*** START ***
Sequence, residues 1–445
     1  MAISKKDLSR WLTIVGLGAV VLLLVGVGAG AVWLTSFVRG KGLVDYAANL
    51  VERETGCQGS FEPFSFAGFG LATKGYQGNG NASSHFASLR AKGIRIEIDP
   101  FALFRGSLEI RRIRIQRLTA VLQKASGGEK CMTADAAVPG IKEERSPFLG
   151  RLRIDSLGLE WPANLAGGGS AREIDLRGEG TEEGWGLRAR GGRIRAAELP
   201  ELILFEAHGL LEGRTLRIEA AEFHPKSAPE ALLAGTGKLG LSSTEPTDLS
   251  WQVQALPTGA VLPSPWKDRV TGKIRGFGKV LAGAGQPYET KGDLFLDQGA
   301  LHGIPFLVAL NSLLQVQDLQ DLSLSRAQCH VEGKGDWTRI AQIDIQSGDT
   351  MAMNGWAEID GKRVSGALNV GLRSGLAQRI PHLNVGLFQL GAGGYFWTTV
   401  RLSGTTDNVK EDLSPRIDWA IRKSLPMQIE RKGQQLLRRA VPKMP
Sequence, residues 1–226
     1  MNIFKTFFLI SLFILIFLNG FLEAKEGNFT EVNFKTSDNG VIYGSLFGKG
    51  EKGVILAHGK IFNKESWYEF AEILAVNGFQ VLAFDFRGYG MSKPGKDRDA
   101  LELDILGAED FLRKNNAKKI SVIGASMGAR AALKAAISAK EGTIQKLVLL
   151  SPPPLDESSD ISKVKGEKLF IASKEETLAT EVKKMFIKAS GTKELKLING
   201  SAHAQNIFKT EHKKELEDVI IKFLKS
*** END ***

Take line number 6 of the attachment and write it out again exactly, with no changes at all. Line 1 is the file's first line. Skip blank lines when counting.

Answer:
   201  ELILFEAHGL LEGRTLRIEA AEFHPKSAPE ALLAGTGKLG LSSTEPTDLS